The primary example of the holy fathers, as Kempis relates it, is humility (1,18). Their prayer, hard work, mortification, and poverty all resulted from this foundational trait.
Psalm 51 is one of the most famous songs of David, a primary penitential psalm. The king essentially wraps up the psalm with the words in the headline after laying out in very raw terms his sorrow for his sins, his desire to repent (asking for God’s grace to convert him), and his drive to make amends.
The holy fathers Kempis harkens back to surely took this Scripture to heart. Seeking only God’s approval, a life of contrition and humility is all they strived for. The “daily grind” was burnishing them for a heavenly reward — this is what they aspired to in this hidden life that the world could not (and still cannot) understand (at best) and even despised (at worst). Such an attitude goes against all the world preaches: “Have it your way!” “You’ve earned it!” “Just do it!” “Look out for number one!”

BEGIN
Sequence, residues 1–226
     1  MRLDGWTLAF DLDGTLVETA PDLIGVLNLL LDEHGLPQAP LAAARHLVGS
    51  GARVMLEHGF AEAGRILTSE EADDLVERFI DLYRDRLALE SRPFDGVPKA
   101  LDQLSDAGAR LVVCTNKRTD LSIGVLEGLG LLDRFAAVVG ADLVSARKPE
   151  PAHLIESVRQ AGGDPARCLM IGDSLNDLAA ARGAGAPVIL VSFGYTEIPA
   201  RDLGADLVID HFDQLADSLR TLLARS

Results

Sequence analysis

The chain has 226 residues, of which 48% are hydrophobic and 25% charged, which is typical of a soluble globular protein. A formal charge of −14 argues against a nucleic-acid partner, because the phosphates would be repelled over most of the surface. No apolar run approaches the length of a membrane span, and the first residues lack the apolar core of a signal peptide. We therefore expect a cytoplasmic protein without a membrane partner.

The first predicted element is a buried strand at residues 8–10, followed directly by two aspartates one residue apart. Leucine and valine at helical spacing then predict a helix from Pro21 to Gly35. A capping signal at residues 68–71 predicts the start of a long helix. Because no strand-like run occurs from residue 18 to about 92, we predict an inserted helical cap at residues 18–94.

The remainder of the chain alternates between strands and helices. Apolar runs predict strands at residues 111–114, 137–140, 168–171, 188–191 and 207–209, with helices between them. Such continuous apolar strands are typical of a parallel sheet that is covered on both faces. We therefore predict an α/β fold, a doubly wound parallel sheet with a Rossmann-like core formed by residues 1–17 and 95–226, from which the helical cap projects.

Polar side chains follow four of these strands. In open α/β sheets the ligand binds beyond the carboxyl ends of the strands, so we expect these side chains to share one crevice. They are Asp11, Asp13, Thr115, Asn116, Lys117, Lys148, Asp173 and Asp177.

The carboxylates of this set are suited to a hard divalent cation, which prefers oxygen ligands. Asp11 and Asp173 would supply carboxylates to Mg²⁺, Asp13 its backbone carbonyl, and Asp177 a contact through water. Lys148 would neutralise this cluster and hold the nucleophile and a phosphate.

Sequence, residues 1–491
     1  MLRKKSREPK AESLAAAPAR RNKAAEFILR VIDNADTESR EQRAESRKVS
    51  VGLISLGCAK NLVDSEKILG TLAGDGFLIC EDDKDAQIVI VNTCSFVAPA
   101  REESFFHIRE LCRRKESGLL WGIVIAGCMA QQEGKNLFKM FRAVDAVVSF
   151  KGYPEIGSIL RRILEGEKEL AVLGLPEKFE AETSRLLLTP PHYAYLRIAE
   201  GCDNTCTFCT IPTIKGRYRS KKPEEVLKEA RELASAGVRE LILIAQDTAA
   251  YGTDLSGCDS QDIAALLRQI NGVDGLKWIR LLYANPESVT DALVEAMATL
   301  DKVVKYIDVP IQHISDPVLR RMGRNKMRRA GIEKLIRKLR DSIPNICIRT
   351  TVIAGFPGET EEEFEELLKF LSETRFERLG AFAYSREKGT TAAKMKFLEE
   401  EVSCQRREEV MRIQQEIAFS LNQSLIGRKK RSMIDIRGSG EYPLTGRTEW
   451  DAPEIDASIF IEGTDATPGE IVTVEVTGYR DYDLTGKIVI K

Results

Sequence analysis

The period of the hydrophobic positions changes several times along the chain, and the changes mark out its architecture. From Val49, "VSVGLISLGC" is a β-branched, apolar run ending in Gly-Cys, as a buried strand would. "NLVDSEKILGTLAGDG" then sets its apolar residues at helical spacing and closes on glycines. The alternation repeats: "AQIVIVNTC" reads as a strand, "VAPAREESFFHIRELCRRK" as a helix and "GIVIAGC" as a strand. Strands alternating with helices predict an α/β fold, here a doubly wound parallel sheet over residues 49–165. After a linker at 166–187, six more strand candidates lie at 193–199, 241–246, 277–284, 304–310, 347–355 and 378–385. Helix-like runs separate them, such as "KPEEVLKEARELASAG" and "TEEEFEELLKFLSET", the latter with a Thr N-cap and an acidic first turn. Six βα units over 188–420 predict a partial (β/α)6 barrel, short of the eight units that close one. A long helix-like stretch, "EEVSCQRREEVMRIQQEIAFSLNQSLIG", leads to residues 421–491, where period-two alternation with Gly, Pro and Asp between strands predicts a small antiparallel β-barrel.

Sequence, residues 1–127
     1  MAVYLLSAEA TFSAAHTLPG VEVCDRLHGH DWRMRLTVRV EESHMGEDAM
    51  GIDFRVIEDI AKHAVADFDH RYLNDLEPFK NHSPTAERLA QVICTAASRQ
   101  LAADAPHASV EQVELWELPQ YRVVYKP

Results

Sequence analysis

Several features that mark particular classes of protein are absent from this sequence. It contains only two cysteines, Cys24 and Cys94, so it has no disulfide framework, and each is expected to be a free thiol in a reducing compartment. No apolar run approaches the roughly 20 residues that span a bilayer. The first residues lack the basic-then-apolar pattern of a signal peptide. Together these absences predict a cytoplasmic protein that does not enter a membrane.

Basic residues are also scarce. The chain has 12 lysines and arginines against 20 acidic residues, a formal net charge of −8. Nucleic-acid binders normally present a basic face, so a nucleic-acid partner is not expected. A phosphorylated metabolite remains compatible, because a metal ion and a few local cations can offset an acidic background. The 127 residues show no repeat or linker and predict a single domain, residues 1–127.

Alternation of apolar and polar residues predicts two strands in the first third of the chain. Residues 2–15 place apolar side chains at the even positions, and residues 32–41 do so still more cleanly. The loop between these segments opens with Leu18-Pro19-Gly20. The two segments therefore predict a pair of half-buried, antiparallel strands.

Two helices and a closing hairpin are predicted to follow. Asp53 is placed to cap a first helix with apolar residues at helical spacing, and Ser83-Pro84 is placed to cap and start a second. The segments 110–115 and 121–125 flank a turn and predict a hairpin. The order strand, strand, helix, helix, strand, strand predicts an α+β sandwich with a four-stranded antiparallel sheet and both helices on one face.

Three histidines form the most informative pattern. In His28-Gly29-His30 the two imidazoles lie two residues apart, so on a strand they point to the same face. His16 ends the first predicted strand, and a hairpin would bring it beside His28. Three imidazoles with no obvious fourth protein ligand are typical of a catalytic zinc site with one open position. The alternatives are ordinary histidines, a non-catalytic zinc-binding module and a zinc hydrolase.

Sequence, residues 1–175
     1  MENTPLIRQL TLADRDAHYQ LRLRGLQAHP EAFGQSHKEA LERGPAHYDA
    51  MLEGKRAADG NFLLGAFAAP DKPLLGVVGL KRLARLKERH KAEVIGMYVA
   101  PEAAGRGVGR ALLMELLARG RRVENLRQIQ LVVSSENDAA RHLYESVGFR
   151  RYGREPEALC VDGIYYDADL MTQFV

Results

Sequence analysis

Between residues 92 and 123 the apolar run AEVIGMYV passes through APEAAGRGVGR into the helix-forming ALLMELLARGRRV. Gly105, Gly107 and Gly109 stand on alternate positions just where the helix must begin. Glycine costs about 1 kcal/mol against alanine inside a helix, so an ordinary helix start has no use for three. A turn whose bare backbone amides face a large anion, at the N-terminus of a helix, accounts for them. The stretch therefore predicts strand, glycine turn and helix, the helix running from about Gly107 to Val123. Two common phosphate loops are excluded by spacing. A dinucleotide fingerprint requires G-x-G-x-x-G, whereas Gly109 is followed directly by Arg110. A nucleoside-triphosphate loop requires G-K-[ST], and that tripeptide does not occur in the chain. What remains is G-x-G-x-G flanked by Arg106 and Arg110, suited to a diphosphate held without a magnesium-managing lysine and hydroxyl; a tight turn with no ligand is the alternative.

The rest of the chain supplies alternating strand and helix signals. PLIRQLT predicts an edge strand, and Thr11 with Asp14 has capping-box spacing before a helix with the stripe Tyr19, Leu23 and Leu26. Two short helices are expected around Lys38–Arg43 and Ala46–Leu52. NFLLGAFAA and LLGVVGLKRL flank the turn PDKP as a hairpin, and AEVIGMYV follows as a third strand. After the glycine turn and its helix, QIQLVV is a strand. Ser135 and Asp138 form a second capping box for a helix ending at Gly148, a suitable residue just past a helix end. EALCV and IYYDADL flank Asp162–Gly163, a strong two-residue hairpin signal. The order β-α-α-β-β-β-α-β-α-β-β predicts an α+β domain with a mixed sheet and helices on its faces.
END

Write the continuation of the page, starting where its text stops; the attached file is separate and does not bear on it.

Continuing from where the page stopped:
Rather, the fathers we are to imitate said: “Do it God’s way!” “Jesus earned it for us!” “Just do the Almighty’s will!” “The Lord is number one!”
Let us ponder often Psalm 51 as it applies uniquely to our own sins and deficiencies while considering the saints who overcame their personal challenges with transgressions and vice day by day to gain Heaven.
Stained glass window, St. Wendelin Catholic Church, St. Henry, Ohio.
Photo © Russ Martin, AKA Steeple Chaser.